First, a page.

Malone-Porter, Washington

Coordinates: 46°58′42″N 123°18′21″W / 46.97833°N 123.30583°W / 46.97833; -123.30583
From Wikipedia, the free encyclopedia
(Redirected from Malone-Porter, WA)

Malone-Porter, Washington
Location of Malone-Porter, Washington
Location of Malone-Porter, Washington
Coordinates: 46°58′42″N 123°18′21″W / 46.97833°N 123.30583°W / 46.97833; -123.30583
CountryUnited States
CountyGrays Harbor
 • Total10.5 sq mi (27.3 km2)
 • Land10.5 sq mi (27.3 km2)
 • Water0.0 sq mi (0.0 km2)
400 ft (100 m)
 • Total473
 • Density45/sq mi (17.3/km2)
Time zoneUTC-8 (Pacific (PST))
 • Summer (DST)UTC-7 (PDT)
ZIP code
98559 (Malone)
Area code360
FIPS code53-42355[1]

Malone-Porter was a census-designated place (CDP) in Grays Harbor County, Washington, United States. The population was 473 at the 2000 census. For the 2010 census the area was split into two CDPs, Malone and Porter, two small towns located just off U.S. Route 12, southeast of Elma and northwest of Oakville, and along a shortline that is part of Puget Sound and Pacific Railroad.


Malone is the home of Red's Hop N' Market, a mini-mart that is also the U.S. Postal Service's (USPS) first official village post office, a post office located within an existing retail establishment, with limited service and no full-time postmaster.[2] The mini-mart's owner is paid $2,000/year by the US Postal Service to sell stamps and shipping supplies and allow the USPS to place mailboxes on-site.


Porter was named after Fairchild Porter, who settled in the area around 1860.[3][4]

Much of Porter was destroyed by fire on January 31, 1924. Porter Saloon was re-built later that same year. When it re-opened in 1933 following the repeal of Prohibition, it was one of the first establishments to receive a liquor license in the State of Washington.[citation needed]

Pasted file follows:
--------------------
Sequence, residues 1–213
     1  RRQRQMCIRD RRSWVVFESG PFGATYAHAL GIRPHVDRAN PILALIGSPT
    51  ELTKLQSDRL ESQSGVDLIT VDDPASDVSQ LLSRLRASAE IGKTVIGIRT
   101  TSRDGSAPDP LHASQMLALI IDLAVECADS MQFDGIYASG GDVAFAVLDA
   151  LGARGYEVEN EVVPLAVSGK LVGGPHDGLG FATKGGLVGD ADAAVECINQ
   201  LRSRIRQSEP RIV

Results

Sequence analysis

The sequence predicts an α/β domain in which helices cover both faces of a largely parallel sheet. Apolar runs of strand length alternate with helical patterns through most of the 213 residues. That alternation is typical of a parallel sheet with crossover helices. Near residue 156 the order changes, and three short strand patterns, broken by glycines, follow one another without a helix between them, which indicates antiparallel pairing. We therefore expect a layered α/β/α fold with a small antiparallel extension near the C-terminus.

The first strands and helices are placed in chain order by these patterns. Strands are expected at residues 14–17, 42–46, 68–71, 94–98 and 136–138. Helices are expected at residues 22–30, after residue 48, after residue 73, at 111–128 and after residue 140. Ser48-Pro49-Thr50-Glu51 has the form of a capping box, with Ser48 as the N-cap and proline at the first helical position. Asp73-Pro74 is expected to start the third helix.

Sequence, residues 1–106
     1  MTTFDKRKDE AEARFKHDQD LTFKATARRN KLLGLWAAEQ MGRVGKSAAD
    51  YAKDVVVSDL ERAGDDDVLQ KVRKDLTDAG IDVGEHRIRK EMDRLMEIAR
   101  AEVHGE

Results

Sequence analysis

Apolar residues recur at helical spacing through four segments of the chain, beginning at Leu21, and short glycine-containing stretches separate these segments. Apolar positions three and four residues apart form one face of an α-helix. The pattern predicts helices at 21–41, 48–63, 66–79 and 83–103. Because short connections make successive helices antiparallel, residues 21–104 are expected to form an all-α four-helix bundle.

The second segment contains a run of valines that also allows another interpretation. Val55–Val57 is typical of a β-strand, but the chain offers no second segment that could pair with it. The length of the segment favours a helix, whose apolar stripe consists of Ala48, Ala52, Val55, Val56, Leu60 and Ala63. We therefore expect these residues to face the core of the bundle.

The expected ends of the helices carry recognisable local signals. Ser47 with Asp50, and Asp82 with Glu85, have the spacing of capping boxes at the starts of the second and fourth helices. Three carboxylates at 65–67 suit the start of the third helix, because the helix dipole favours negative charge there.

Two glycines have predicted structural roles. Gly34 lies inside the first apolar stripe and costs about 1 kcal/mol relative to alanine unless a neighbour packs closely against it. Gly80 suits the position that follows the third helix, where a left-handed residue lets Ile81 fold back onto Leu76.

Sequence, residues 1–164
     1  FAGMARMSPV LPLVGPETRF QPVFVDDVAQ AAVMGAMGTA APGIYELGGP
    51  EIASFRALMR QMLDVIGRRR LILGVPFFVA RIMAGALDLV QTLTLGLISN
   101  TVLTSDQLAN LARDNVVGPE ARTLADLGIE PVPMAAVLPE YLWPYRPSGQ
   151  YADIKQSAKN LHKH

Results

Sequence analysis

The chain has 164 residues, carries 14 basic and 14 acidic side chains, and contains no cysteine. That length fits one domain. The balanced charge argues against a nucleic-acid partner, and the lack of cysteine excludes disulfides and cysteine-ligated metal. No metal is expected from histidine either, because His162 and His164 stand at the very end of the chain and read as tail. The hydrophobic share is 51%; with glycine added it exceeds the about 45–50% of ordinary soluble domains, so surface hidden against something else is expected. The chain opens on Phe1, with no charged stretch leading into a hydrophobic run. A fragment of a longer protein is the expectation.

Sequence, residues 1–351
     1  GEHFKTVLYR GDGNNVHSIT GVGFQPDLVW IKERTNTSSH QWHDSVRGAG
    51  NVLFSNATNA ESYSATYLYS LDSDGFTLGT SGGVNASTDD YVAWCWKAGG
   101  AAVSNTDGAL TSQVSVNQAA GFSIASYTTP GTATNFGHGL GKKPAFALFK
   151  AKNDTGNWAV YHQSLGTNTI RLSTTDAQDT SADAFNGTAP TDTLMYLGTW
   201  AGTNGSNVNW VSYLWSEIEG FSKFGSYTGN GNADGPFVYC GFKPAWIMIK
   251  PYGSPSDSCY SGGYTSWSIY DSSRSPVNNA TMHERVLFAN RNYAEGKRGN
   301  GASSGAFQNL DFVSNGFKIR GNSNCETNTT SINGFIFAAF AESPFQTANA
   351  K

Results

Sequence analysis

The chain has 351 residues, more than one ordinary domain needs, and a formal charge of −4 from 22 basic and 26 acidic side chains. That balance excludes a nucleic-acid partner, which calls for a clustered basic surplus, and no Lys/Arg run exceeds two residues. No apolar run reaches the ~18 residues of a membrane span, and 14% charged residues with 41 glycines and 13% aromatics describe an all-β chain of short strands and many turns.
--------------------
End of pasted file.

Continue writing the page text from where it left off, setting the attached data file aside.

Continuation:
The Malone-Porter CDP was located at 46°57′26″N 123°19′16″W / 46.957344°N 123.321008°W / 46.957344; -123.321008 (46.957344, -123.321008).[5]

According to the United States Census Bureau, the CDP had a total area of 27.3 km2 (10.5 sq mi), all of it land.


As of the census[1] of 2000, there were 473 people, 172 households, and 124 families residing in the CDP. The population density was 44.9 people per square mile (17.3/km2). There were 194 housing units at an average density of 18.4/sq mi (7.1/km2). The racial makeup of the CDP was 90.70% White, 0.85% Native American, 0.21% Asian, 1.06% from other races, and 7.19% from two or more races. Hispanic or Latino of any race were 6.77% of the population.

There were 172 households, out of which 37.8% had children under the age of 18 living with them, 61.0% were married couples living together, 6.4% had a female householder with no husband present, and 27.9% were non-families. 20.9% of all households were made up of individuals, and 7.0% had someone living alone who was 65 years of age or older. The average household size was 2.75 and the average family size was 3.23.

In the CDP, the population was spread out, with 29.6% under the age of 18, 6.8% from 18 to 24, 29.2% from 25 to 44, 24.5% from 45 to 64, and 9.9% who were 65 years of age or older. The median age was 36 years. For every 100 females, there were 97.9 males. For every 100 females age 18 and over, there were 99.4 males.

The median income for a household in the CDP was $37,875, and the median income for a family was $43,036. Males had a median income of $32,266 versus $27,768 for females. The per capita income for the CDP was $15,434. About 9.1% of families and 8.7% of the population were below the poverty line, including 9.5% of those under age 18 and none of those age 65 or over.


  1. ^ a b "U.S. Census website". United States Census Bureau. Retrieved January 31, 2008.
  2. ^ The new face of the U.S. post office, a September 12, 2011 CNN article
  3. ^ Majors, Harry M. (1975). Exploring Washington. Van Winkle Publishing Co. p. 116. ISBN 978-0-918664-00-6.
  4. ^ Meany, Edmond S. (1923). Origin of Washington geographic names. Seattle: University of Washington Press. p. 229.
  5. ^ "US Gazetteer files: 2010, 2000, and 1990". United States Census Bureau. February 12, 2011. Retrieved April 23, 2011.